Identifying Primary Determinants of Airbnb Pricing: An Athens Case Study (Part 1/Intro)
A tale of one city
A few days ago i submitted my master thesis, titled “Airbnb Pricing: Identifying Primary Determinants through Hedonic Pricing Methods”. We tried to do just that, find the main factors that decide the price of an Airbnb listing (the hedonic part, i will explain later on). We focused our research in the city of Athens for a few reasons:
- The legal and regulatory framework of Athens (Greece in general) is familiar. In the last years few efforts have been made towards regulating Airbnb, unlike other European capitals.
- Athens has not been studied extensively in relevant literature, and certainly not as a standalone case study (Wang and Nicolau find price determinants for 33 cities, Athens among them)
Our data-set comes from insideairbnb.com “an independent, non-commercial set of tools and data that allows you to explore how Airbnb is really being used in cities around the world”. It was scraped on the 15th of November 2018 and consists of 9.123 listings. We deduced from cross-checking the locations that the data-set includes only the central part of Athens (Kentrikos Tomeas Athinon). Athens has seen a rapid growth in tourist arrivals from city breakers in recent years (approx. 5m visitors in 2017 and 5.5m in 2018) combined with a boom in Airbnb rentals as well.
In this chart, we see the number of reviews over time. Reviews are only given from Airbnb visitors that stayed in a listing, but not every visitor leaves a review, in fact according to Airbnb this ratio of review per stay is approx. 50%. This chart confirms the Airbnb boom in recent years as well as the highly seasonal pattern of stays. For comparison, we can see the number of reviews across years in New York City, from Sarang Gupta in his team’s analysis of NYC, also revealing a seasonal pattern but not quite as clearly.
What does “hedonic” mean?
The word hedonic comes from the greek “ηδονικός”, the one that we derive pleasure from, but in an economic context, it is associated with a good’s utility. The hedonic pricing method estimates the value of the characteristics of a commodity that indirectly affects its market price, according to Herath and Maier, and has been extensively used in the real estate industry in previous years as a method of valuation. In other, more simple words, “…the hedonic method is an “indirect” valuation method in which we do not observe the value consumers have for the characteristic directly, but infer it from observable market transactions…” (Taylor, 2003) and we can think of it this way: two identical houses, have one unique difference, they don’t have the same distance from a nearby park. The difference in their price, observed from a market transaction, gives us the value of the attribute “Distance from the park”. Using that, we can evaluate the price of a whole house by breaking it down to a -considerable- number of attributes, like square feet, proximity to places of interest, amenities that the house has or lacks, etc.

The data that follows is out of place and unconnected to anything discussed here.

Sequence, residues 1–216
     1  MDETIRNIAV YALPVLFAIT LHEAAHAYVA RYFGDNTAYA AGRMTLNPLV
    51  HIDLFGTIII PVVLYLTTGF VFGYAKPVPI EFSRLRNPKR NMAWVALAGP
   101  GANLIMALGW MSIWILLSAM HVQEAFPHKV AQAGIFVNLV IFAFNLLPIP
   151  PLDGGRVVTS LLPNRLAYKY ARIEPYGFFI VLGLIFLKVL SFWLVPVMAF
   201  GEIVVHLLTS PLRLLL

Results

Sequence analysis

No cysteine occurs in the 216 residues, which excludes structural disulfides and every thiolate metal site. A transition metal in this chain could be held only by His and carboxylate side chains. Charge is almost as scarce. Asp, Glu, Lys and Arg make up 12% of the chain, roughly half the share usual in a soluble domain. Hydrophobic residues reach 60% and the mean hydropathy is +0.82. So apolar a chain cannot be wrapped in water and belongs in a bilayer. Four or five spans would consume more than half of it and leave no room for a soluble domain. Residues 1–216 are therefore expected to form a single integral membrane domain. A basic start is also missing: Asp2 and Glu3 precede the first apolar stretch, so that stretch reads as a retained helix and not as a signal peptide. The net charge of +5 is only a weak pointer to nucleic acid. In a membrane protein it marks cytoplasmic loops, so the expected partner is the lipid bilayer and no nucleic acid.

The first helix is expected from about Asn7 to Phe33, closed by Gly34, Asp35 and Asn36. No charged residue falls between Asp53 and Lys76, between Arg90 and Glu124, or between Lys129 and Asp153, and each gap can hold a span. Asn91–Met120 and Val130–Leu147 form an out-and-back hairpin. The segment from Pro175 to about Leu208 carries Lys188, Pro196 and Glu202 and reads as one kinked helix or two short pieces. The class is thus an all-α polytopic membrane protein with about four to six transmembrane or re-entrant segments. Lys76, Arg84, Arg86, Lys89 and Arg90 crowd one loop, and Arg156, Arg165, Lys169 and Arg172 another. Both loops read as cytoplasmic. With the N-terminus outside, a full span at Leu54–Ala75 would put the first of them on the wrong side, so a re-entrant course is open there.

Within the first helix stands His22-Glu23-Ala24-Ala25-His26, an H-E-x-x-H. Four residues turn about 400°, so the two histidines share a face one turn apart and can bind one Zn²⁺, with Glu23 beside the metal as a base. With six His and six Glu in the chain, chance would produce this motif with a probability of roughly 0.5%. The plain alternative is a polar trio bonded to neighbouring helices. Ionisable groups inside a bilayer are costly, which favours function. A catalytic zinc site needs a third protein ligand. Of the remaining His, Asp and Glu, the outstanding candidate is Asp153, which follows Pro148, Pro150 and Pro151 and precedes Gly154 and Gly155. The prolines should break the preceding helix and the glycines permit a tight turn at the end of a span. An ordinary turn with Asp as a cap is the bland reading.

Let’s do that for an Airbnb listing
And indeed this method has been applied to Airbnb listings from some researchers in recent years: Gibbs et al. (2017), Wang and Nicolau (2017), Dogru and Penkin (2017). But why is pricing for Airbnb important? Well, for one, hosts that don’t price their listings correctly leave money on the table. Let’s not forget that most hosts are not professionals. Airbnb provides pricing tips but a) they are not transparent on how the price is decided-which is normal b) a host’s interest might not be aligned with the company’s interest and c) the pricing of a listing is not a one-off process but has much to do with demand and supply dynamics so it needs to be constantly re-evaluated.
A number of startups have been involved in the intelligent, data-driven pricing field of providing what is known as property management software. Companies like: wheelhouse, everbooked (acquired by Evolve), beyond pricing, elliot&me (acquired by Airbnb) and guesty (btw, from a brief research, these startups are doing great). What those startups do is more or less, looking into a number of factors such as: Seasonality, Day of the week, Special events, Local hotel occupancy, Competitor occupancy etc. and adjusting the price of a host’s listing. But this does not really answer the question: what are the attributes that guests value more in an Airbnb listing and how much do they value those attributes?
We’ll see all about that in Part 2.